Is This Food Group Making You Flare?

Methionine, an amino acid found in meat and eggs, fuels your energy levels and—unfortunately—the progression of your chronic condition too, finds new research.

by Lara DeSanto Health Writer

We don’t yet fully understand the cause of many inflammatory and autoimmune disorders, like multiple sclerosis (MS), but researchers have long suspected diet as a potential factor. And a new study pinpoints a specific amino acid found in food that could be a key culprit.

Here’s the rub: Reducing levels of the amino acid methionine in a person’s diet could help slow the development and progression of inflammatory and autoimmune disorders, says a new study published in Cell Metabolism.

Methionine is found in most foods, but it’s found in higher quantities in animal products like meat and eggs. But that’s not to say everyone should cut these foods out of their diets altogether.

Ironically, methionine is a necessity if you have a healthy immune system (it protects and nourishes cells), said study author Russell Jones, Ph.D., program leader of Van Andel Institute's Metabolic and Nutritional Programming group, in a news release. But, for people predisposed to inflammatory and autoimmune disorders like multiple sclerosis, reducing methionine intake can dampen the immune cells that cause disease, leading to better outcomes. These findings provide further basis for dietary interventions as future treatments for these disorders."

The researchers found that dietary methionine encourages the body to send T cells to parts of the body to fight off pathogens, which is what occurs during an immune response. So, in a person with an autoimmune disorder, where the immune system is reacting unnecessarily and attacking healthy tissue with T cells, that methionine only compounds the problem.

"By restricting methionine in the diet, you're essentially removing the fuel for this over-active inflammatory response without compromising the rest of the immune system," said Dr. Jones.

That said, the study authors say more research is needed before experts can develop dietary guidelines about methionine. If you have an autoimmune disease, talk with your doctor before making any major changes.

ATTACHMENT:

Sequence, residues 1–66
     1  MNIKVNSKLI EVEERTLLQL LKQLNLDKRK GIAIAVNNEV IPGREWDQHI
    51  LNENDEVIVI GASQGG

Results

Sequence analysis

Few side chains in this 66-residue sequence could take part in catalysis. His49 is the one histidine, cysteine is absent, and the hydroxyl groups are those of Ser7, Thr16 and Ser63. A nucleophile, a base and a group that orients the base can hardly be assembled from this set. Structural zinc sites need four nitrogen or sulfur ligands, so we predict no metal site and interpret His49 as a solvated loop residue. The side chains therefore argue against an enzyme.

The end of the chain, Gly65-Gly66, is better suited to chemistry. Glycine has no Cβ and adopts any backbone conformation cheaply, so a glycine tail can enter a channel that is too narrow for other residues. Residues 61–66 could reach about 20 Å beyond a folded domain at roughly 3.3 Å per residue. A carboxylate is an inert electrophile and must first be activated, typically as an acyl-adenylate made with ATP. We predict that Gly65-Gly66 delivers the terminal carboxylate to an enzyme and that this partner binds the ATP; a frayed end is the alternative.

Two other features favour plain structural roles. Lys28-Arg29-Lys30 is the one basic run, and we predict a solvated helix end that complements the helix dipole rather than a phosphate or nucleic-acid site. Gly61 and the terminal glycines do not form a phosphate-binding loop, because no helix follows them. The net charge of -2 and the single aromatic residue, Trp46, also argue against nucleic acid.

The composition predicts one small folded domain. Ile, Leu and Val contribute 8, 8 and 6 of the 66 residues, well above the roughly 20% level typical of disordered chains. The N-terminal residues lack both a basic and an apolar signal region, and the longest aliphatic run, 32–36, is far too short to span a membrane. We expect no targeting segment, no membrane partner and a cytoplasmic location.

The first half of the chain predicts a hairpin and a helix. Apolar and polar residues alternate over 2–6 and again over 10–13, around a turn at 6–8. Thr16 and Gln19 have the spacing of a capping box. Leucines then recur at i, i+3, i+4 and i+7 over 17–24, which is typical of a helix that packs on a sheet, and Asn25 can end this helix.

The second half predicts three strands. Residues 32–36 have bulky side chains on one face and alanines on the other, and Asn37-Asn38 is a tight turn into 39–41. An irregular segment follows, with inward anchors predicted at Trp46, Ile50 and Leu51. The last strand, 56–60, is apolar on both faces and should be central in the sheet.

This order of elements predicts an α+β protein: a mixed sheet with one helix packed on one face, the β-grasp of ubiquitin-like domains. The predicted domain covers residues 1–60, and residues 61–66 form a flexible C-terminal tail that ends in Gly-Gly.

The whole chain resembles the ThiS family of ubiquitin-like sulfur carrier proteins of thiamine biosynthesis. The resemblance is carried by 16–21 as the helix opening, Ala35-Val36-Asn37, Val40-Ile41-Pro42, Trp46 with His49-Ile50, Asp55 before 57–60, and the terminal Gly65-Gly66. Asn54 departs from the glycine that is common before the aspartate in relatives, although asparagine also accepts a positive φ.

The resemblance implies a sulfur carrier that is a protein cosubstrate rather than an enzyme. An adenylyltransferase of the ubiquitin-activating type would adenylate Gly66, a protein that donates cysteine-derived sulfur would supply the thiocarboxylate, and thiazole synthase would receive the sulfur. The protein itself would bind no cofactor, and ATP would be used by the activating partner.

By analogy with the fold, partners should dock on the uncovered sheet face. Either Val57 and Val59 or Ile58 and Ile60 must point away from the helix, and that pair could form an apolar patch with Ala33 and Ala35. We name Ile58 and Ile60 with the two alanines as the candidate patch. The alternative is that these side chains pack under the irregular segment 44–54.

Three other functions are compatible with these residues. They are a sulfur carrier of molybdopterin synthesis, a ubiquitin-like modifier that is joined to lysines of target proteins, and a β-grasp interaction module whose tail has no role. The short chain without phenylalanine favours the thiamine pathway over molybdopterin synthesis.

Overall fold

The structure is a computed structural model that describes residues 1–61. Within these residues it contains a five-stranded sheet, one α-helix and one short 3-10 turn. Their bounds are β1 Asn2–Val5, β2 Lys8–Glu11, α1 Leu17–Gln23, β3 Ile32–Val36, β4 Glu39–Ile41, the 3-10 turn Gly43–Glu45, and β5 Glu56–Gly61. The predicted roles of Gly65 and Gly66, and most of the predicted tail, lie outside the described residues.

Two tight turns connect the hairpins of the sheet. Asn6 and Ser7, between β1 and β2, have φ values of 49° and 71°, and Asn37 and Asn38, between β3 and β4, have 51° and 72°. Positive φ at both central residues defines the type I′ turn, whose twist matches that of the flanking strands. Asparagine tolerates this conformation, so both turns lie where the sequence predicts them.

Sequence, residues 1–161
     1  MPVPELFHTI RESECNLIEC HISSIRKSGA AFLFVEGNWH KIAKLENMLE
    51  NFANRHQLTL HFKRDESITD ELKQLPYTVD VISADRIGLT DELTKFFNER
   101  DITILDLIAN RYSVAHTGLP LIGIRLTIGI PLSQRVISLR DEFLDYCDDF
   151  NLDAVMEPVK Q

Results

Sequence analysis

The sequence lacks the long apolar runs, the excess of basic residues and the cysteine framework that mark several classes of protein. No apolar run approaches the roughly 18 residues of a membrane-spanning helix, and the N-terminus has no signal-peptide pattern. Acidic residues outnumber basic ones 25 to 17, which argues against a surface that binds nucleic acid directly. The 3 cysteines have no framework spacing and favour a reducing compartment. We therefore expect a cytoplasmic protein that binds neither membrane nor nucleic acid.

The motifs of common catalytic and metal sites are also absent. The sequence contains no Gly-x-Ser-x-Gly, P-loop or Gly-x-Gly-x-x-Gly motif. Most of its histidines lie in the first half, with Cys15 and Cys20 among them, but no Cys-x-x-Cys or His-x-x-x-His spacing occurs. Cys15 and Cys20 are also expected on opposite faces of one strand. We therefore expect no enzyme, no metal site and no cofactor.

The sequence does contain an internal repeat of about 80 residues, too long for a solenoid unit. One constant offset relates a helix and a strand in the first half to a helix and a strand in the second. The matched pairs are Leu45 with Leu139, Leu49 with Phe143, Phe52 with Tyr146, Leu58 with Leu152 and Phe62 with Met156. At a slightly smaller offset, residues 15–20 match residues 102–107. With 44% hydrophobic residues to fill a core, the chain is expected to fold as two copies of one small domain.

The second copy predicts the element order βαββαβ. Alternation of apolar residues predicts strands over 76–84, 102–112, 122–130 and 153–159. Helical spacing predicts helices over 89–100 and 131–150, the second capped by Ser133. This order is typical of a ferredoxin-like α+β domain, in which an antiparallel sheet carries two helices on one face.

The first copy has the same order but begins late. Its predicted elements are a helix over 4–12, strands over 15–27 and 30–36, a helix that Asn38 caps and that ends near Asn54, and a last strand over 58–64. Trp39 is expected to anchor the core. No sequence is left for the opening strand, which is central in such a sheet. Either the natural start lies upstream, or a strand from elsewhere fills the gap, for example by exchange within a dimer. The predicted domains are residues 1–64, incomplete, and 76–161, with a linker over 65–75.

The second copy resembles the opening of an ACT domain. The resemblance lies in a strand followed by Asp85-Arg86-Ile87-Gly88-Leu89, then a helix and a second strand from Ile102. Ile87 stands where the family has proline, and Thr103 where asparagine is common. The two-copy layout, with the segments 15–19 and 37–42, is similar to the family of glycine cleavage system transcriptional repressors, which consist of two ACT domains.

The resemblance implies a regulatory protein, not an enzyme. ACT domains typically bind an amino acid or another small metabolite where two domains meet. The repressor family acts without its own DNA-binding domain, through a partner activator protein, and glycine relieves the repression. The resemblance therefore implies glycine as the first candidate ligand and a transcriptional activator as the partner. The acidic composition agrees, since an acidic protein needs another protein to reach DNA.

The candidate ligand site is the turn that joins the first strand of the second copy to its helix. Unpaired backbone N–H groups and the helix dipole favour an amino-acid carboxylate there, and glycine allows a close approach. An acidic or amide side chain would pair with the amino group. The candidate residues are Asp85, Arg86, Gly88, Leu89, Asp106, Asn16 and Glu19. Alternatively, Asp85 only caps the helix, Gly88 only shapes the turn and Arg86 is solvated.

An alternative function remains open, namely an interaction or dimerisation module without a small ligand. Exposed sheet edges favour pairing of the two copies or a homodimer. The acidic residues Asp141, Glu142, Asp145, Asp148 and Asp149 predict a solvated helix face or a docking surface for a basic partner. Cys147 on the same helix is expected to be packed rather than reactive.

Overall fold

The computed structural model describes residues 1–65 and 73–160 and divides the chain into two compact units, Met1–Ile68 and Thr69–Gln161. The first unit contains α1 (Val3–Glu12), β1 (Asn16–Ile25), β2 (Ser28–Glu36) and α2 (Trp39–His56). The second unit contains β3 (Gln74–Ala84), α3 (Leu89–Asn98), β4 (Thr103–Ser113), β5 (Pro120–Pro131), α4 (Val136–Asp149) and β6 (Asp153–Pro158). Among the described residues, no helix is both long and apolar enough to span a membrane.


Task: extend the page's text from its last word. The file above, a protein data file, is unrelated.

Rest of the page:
Understanding Autoimmune Disorders

Autoimmune disorders—like MS, psoriasis, rheumatoid arthritis, and type 1 diabetes—develop when a person’s immune system turns on itself, mistakenly attacking and destroying normal tissues in the body. For many autoimmune disorders, like MS, there aren’t many effective treatments that can help slow the disease’s progression.

"What causes multiple sclerosis is still not completely understood. We know that genes related to the immune system are implicated but environmental factors also have a role to play," said study author Catherine Larochelle, M.D., a clinician-scientist in neuroimmunology and neurologist at the Multiple Sclerosis Clinic at the Centre Hospitalier de l'Université de Montréal, in a news release. "The fact that metabolic factors like obesity increase the risk of developing multiple sclerosis makes the idea of dietary intervention to calm down the immune system particularly appealing."

Other theoretical causes and risk factors of autoimmune disorders include the following, according to Hopkins Medicine:

  • Environmental triggers. Microorganisms like bacteria and viruses or even certain medications could trigger changes that cause the immune system to malfunction.

  • Genetics. Genes may play a key role in making some people more likely to develop an autoimmune disease.

  • Weight. Some research shows that being overweight raises your risk of developing certain autoimmune diseases.

  • Autoimmune Disease Risk Factors: What Are Common Symptoms of Autoimmune Disease? Johns Hopkins Medicine.

  • Methionine Study: Cell Metabolism. (2020). “Methionine Metabolism Shapes T Helper Cell Responses through Regulation of Epigenetic Reprogramming.”

  • Methionine Study News Release: Dietary interventions may slow onset of inflammatory and autoimmune disorders. (2020). Van Andel Institute.

Lara DeSanto
Meet Our Writer
Lara DeSanto

Lara is a former digital editor for HealthCentral, covering Sexual Health, Digestive Health, Head and Neck Cancer, and Gynecologic Cancers. She continues to contribute to HealthCentral while she works towards her masters in marriage and family therapy and art therapy. In a past life, she worked as the patient education editor at the American College of OB-GYNs and as a news writer/editor at